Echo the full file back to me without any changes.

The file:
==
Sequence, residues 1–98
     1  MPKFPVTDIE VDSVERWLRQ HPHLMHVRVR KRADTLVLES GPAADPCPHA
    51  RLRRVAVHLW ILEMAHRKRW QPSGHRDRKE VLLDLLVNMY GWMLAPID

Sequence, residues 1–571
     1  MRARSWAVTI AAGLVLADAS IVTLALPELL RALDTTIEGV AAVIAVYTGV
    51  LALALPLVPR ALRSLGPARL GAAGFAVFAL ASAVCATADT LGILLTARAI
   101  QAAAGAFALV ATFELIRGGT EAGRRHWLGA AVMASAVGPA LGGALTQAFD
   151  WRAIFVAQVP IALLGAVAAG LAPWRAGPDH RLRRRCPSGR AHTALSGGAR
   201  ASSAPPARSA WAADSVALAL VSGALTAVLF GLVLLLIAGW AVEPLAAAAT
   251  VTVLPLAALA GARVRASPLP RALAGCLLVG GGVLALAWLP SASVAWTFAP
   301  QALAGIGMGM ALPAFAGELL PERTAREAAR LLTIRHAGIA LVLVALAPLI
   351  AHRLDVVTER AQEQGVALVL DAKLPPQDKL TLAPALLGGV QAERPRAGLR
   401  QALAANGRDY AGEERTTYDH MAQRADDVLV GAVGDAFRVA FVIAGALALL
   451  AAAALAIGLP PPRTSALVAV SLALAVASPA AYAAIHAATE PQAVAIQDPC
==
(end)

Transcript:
Sequence, residues 1–98
     1  MPKFPVTDIE VDSVERWLRQ HPHLMHVRVR KRADTLVLES GPAADPCPHA
    51  RLRRVAVHLW ILEMAHRKRW QPSGHRDRKE VLLDLLVNMY GWMLAPID

Sequence, residues 1–571
     1  MRARSWAVTI AAGLVLADAS IVTLALPELL RALDTTIEGV AAVIAVYTGV
    51  LALALPLVPR ALRSLGPARL GAAGFAVFAL ASAVCATADT LGILLTARAI
   101  QAAAGAFALV ATFELIRGGT EAGRRHWLGA AVMASAVGPA LGGALTQAFD
   151  WRAIFVAQVP IALLGAVAAG LAPWRAGPDH RLRRRCPSGR AHTALSGGAR
   201  ASSAPPARSA WAADSVALAL VSGALTAVLF GLVLLLIAGW AVEPLAAAAT
   251  VTVLPLAALA GARVRASPLP RALAGCLLVG GGVLALAWLP SASVAWTFAP
   301  QALAGIGMGM ALPAFAGELL PERTAREAAR LLTIRHAGIA LVLVALAPLI
   351  AHRLDVVTER AQEQGVALVL DAKLPPQDKL TLAPALLGGV QAERPRAGLR
   401  QALAANGRDY AGEERTTYDH MAQRADDVLV GAVGDAFRVA FVIAGALALL
   451  AAAALAIGLP PPRTSALVAV SLALAVASPA AYAAIHAATE PQAVAIQDPC